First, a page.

how do you define real anyway?

This tale is told through Ana’s POV, as well as trial testimony and her interview with Dr. Foster. Obviously, she’s been accused of murdering a staff member, which shouldn’t be part of her programming as a half-human, half-android, but it quickly becomes evident that Ana may be more than her programming. The style of the chapter arrangement reminded me a bit of Sadie solely for the way it was constructed. The plots are obviously very different. I loved the alternation between story telling styles because you got details to fill in some gaps and then a bit of intrigue to create more from each bit, which only made your compulsion to keep reading grow by the chapter!

i can control my own ocular lenses. i can control a feature on my own body.

It was very different to books I’ve read this year, but still had some similar themes exploring how we treat other people and women as a commodity rather than being treated as people. Now, in this story, due to the Fantasists being created by The Kingdom(TM)’s scientists, they are considered things rather than proper beings. There is a lot wrong with the Investor’s, guards, and some other staff’s morals regarding how the Fantasists are treated (massive trigger warning for anyone who needs it regarding the mention and allusion to rape). Several of the situations and a lot of the dialogue is basically a discussion on locker room culture and the boys club. Meaning, guards and staff are allowed use the Fantasists whichever way they like and and say terrible, abusive things. Remember that quote, where happily ever after is not just a promise, but a rule? Yeah, they’re programmed to go along with things, even if they don’t like it or agree because your happiness is my happiness… I found myself struggling with some of the more difficult situations Ana faces and her conflict within herself to decide what is right, even when it goes against her programming and how The Kingdom(TM) has told her to behave. There is a lot to break down, but I’m not going to go that far into the analysis. Feel free to message me if you want to discuss, though!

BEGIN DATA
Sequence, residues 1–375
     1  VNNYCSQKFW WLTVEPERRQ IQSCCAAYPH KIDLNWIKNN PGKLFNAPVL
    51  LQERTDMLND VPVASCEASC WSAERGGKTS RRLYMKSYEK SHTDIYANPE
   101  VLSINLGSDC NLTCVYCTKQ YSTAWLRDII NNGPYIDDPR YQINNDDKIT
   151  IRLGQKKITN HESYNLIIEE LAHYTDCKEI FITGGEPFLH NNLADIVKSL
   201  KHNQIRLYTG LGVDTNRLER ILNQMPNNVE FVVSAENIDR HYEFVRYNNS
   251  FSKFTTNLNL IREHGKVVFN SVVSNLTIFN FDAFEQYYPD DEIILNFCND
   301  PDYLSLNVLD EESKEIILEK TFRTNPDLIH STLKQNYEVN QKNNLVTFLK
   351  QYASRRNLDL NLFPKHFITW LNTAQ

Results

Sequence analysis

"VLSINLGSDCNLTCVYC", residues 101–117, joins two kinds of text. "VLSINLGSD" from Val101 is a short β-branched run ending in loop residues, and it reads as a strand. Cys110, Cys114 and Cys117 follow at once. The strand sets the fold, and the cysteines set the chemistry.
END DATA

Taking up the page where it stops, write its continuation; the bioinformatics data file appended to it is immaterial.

that’s just how guards behave. it has always been this way.

The characters and world were extremely well developed! I loved learning more about this futuristic theme park/fantasy land. The world is rich in detail and I could clearly picture the different scenes in my mind. It is definitely the characters that bring this story to life, though! Their interaction with the world and each other is beautifully written. Jess Rothenberg has worked in YA fantasy for awhile and it shows through very clearly in her own story. This has been one of the most compelling stories I’ve read in a long time and I urge you to give it a try.

sometimes it is hard, not quite knowing what i am.